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Lent  is a most unusual word. Germans call the forty day period between Ash Wednesday and Palm Sunday by the perfectly reasonable name  Fastenzeit:  the time for fasting. The French, mishearing the Latin  quadrigesima, fortieth,  call it  Careme; whether they “hear” it as having anything to do with  quarant, forty,  well,  je ne sais pas.   The Italian  quaresima  (Italians do indeed pronounce  qu  just as we do) is closer to their  quarante, forty,  so maybe they get the connection.

Word of the Day But the English  Lent  has nothing to do with forty. It is our old word for springtime: when the days  lengthen.  Thus it is related to words from both the Germanic and the Romance stock: English  long , German  lang , Latin
longus . Well then—why isn’t it  Longth or  Lont ? How did that  e get in there?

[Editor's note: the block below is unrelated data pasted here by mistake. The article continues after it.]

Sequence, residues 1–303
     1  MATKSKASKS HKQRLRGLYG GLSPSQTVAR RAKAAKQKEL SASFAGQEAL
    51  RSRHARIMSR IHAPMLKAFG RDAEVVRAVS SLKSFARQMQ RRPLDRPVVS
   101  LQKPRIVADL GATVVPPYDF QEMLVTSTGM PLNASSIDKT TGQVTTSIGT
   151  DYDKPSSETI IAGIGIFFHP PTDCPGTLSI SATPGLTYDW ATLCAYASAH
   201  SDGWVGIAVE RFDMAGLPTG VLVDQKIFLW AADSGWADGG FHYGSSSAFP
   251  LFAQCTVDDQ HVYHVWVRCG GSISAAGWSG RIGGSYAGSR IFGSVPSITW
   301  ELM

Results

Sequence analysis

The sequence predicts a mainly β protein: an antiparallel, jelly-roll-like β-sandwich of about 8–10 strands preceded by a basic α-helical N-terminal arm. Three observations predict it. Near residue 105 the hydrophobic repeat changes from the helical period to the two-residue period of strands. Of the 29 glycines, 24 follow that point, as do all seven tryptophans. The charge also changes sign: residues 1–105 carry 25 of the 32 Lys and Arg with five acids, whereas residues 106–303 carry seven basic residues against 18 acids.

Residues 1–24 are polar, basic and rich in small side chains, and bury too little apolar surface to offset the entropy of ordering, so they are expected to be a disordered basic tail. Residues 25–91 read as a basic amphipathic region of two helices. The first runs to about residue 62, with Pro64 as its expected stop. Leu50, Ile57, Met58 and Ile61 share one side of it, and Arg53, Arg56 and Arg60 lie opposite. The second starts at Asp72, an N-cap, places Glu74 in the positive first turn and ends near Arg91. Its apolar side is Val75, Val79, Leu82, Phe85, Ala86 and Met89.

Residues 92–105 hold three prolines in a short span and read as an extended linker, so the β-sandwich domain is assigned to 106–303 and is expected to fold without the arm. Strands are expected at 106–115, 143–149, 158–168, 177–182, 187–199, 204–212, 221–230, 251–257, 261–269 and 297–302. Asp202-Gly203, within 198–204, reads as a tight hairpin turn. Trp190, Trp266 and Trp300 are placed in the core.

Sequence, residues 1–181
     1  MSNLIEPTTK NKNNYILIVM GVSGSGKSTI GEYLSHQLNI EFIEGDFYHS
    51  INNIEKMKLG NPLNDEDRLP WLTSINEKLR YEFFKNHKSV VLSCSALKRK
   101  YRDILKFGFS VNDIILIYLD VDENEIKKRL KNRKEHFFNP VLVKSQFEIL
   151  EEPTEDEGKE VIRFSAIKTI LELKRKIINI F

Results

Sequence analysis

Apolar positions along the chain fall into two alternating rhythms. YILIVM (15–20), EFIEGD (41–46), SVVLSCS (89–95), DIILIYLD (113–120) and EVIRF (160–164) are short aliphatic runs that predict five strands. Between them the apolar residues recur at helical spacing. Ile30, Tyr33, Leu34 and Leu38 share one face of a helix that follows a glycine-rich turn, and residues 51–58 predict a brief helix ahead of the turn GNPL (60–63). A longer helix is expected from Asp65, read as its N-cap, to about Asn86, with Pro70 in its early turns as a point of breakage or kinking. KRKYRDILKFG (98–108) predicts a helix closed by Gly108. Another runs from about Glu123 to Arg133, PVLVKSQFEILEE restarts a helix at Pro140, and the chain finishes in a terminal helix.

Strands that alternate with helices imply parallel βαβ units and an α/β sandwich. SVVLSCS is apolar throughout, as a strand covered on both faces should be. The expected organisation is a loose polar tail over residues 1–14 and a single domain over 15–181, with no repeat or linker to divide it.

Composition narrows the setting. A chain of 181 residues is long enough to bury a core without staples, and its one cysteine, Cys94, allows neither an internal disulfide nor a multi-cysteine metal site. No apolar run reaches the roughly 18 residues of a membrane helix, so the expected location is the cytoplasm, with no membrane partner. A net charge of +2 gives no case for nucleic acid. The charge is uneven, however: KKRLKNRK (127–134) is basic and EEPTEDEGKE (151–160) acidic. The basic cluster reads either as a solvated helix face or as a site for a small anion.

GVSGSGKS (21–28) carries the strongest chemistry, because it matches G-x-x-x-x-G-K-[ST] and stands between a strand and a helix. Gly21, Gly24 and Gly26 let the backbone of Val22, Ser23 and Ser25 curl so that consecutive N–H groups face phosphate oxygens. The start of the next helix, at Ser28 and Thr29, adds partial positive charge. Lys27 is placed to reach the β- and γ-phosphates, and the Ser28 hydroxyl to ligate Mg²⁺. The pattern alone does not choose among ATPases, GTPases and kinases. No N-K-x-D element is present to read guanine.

And the answer is— umlaut.  That’s what happen when a vowel (German,  Laut ) turns around (German,  um ), often by the influence of a vowel in the next syllable. It’s common enough. Think of the vowel in the words  cat, hat, mat.  Say those words. Now use the same vowel—say it aloud—for  carry, Harry, marry.  Tricky, ain’t it? The vowel in  cat  is low: it’s pronounced with the tongue low in the mouth. But the vowel  at the end of  carry  is high and up front: it’s pronounced with the tongue near the roof of the mouth. So we anticipate the second vowel by raising the first, and instead of saying  carry, Harry, marry,  we say  Kerry, hairy, Mary.  At least, a lot of English speakers do: for them,  Larry  rhymes with  dairy.

Some Anglo Saxon adjectives turned into nouns by the addition of a suffix:  ith.  That eety-beety vowel in that suffix, that leetle  i,  changed the previous vowel. It moved the  of  long  up front and made it  e.  Then, after it had done its dirty work, it slipped away. So we have the adjective  long,  but the noun  length;  the adjective  broad,  but the noun  breadth;  the adjective  strong,  but the noun  strength.  It couldn’t do a job on the adjective  wide,  because the vowel was already high and up front (originally pronounced  weed ):  wide, width.  Avast, villain!

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